As the first quarter of 2017 disappears in the rearview mirror many railroad managers are beginning to plan implementation of the requirements detailed in 49 CFR Part 243. In an effort to help set the table for those that need to comply with these new rules, here is a quick reference for the components that make up 243.
 

What needs to be done?

  • Employee crafts must be categorized into occupational categories.
  • Safety-related employees are designated to categories.
  • Training programs are to be developed for each safety-related category of employees.
  • Periodic oversight by designated supervisors will happen throughout the operation year.
  • Annual reviews to assess training gaps must be conducted and documented by September 1 each year and maintained on file for review.

 

Who is a Safety-related Employee?

  • Employees covered by the hours of service (HOS) laws.
  • Employees performing work as an operating employee (including supervisors), even if
  • not covered by the HOS laws.
  • All engineering or maintenance-of-way (MOW) employees including bridge workers who inspect, install, repair, or maintain track, roadbed, signal, and communication systems.
  • Mechanical personnel who inspect, install, or repair any locomotive, passenger car, freight car, or MOW vehicle.
  • Any person who, as a primary duty, directly instructs, mentors, inspects, or tests others engaged in a safety-related task (including first-line supervisors of operating employees).
  • Safety-related railroad employees include supervisors who determine that an on-track roadway maintenance machine or hi-rail vehicle may be used without repair of a noncomplying condition.
  • Persons who perform oversight roles rather than doing the work themselves.

Dates to Know

Employers with >400,000 work hours annually (~200 FTEs):

Jan 1, 2018Program Implementation: Implementation of a 243 compliant Training, Qualification and Oversight program (program should be implemented in the case where a program has been submitted, but not yet approved by the FRA).

Sept 1, 2018 – Designate Employees: All employees performing safety-related service must be assigned to designated occupational category or subcategory.

Employers with <400,000 work hours annually (~200 FTEs):

May 1, 2019Program Implementation: Implementation of a 243 compliant Training, Qualification and Oversight program (program should be implemented in the case where a program has been submitted, but not yet approved by the FRA).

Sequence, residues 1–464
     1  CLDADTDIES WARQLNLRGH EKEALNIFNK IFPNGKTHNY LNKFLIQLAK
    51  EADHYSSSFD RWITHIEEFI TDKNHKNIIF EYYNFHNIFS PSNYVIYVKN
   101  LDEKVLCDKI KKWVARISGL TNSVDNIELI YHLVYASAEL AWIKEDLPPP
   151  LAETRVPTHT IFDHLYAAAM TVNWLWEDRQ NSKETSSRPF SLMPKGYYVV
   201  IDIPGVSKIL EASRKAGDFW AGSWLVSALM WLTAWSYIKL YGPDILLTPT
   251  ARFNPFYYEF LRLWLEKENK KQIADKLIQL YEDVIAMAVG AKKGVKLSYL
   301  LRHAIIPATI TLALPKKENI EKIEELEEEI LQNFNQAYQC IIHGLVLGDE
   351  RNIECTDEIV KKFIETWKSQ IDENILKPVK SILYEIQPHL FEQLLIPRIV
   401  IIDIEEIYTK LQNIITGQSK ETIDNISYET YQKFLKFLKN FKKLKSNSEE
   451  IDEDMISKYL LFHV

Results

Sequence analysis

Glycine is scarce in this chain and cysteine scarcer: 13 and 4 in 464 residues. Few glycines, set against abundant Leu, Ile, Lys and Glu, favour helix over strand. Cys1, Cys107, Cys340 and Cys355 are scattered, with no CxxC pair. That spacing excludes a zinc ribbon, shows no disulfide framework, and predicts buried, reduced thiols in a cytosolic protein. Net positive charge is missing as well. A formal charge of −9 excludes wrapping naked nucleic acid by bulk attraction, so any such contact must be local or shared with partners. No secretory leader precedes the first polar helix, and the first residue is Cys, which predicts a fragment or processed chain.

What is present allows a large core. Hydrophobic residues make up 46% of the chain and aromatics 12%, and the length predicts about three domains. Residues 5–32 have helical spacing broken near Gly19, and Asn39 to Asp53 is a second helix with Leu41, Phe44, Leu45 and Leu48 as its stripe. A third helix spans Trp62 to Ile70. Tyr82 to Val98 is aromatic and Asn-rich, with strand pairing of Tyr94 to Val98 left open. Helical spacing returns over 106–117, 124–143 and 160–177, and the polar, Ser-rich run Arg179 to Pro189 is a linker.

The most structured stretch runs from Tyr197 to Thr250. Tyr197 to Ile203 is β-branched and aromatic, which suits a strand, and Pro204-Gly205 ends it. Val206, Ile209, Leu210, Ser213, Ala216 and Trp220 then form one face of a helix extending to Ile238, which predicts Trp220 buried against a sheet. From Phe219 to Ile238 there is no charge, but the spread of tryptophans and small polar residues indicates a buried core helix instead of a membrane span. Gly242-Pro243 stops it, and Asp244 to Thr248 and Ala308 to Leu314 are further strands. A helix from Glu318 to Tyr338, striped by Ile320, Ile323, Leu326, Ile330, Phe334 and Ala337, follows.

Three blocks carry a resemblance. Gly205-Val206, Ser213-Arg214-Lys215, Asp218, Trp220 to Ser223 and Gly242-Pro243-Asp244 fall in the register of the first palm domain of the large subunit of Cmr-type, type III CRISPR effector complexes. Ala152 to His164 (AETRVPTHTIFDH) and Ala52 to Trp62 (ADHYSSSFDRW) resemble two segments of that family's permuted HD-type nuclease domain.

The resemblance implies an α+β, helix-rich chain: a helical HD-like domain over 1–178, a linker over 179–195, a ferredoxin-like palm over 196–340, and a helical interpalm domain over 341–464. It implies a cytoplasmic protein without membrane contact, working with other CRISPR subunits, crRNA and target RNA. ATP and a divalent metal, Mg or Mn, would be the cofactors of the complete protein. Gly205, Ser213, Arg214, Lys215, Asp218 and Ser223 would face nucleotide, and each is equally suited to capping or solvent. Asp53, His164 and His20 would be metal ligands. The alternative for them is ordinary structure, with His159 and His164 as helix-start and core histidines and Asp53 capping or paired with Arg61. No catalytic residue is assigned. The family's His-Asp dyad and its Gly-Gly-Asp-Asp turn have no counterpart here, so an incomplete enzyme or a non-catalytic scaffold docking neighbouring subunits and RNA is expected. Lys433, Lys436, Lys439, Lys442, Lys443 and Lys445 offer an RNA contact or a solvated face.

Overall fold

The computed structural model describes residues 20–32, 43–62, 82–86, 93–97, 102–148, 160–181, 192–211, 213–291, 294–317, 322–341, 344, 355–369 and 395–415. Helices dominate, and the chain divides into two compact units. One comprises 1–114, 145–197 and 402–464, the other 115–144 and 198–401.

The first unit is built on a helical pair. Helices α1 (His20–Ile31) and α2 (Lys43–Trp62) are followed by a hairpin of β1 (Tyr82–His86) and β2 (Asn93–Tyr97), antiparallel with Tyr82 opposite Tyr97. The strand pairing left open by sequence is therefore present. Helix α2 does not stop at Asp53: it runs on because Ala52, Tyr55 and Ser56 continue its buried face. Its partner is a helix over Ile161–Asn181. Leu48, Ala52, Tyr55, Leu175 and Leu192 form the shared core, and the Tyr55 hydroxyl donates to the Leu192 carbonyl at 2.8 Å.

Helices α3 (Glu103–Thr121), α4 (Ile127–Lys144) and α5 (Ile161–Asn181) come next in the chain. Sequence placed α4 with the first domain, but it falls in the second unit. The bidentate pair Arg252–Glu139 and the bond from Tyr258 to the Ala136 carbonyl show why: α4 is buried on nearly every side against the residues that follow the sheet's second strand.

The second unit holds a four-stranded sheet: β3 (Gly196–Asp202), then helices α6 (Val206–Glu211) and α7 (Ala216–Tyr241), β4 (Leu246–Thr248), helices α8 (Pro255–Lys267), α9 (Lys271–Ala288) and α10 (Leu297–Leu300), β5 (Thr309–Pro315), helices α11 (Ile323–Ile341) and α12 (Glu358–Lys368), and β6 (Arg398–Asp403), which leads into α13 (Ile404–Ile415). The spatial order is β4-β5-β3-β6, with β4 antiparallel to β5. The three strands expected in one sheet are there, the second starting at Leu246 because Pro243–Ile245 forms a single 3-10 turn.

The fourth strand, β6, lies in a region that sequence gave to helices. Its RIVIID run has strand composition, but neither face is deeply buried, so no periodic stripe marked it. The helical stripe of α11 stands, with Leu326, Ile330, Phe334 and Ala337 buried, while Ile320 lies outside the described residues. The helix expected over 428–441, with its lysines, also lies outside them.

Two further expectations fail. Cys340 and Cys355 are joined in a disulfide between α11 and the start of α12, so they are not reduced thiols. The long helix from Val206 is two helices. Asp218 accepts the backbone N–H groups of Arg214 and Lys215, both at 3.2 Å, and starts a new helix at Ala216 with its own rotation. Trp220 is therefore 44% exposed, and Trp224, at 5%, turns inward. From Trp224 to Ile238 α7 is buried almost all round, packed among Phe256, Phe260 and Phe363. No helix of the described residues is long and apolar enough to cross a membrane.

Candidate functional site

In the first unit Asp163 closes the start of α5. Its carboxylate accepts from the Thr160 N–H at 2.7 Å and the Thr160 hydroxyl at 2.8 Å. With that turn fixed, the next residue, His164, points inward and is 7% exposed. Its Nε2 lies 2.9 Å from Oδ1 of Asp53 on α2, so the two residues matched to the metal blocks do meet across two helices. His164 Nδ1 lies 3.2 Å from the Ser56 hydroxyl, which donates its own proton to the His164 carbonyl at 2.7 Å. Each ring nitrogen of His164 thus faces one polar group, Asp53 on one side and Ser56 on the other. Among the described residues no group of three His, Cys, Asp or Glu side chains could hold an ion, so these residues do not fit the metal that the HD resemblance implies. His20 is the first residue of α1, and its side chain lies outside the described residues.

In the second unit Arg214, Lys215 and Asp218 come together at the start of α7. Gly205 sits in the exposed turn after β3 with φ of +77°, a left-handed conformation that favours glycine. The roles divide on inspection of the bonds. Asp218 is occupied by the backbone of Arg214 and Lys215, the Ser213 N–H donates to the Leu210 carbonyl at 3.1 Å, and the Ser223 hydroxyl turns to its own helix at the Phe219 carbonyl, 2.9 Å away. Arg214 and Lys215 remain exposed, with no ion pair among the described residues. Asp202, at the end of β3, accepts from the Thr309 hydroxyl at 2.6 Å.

Feb 1, 2020 – Designate Employees: All employees performing safety-related service must be assigned to designated occupational category or subcategory.

Required Documentation

Employees
Employers are required to keep the following documentation for all employees performing safety-related service and for contractors not being documented by their organization.

  • Employee name.
  • Each occupational category or subcategory deemed qualified including date(s).
  • Dates and title of each formal training course successfully completed.
  • If the course was provided by an FRA-approved TO/LI, attach copy of transcript.
  • OJT program unique name or identifier.
  • Date OJT successfully completed.
  • Name of person(s) who determined the employee is qualified to perform safety-related tasks in occupational category.
  • Records retained for employees a minimum of 6 years after termination.

Program
Annual reviews to assess training gaps must be conducted and documented by September 1 each year and maintained on file for review.
 


 

Railroads that utilize contractor employees

  • Contract employees who work “safety-related” occupations must be qualified by an FRA approved training program by either the contracting company or the railroad itself.
  • If the contracting company provides the training, the railroad utilizing those employees must be provided records of contract employee qualification.

New Hire Employees

Safety-related employees qualified or trained by anyone other than the current employer may be deemed qualified provided:

  1. A record of training from the previous entity is obtained; or
  2. If no training records exist, the current employer may perform testing to assess the knowledge, skills, and abilities of the employee to be a member of the occupational category.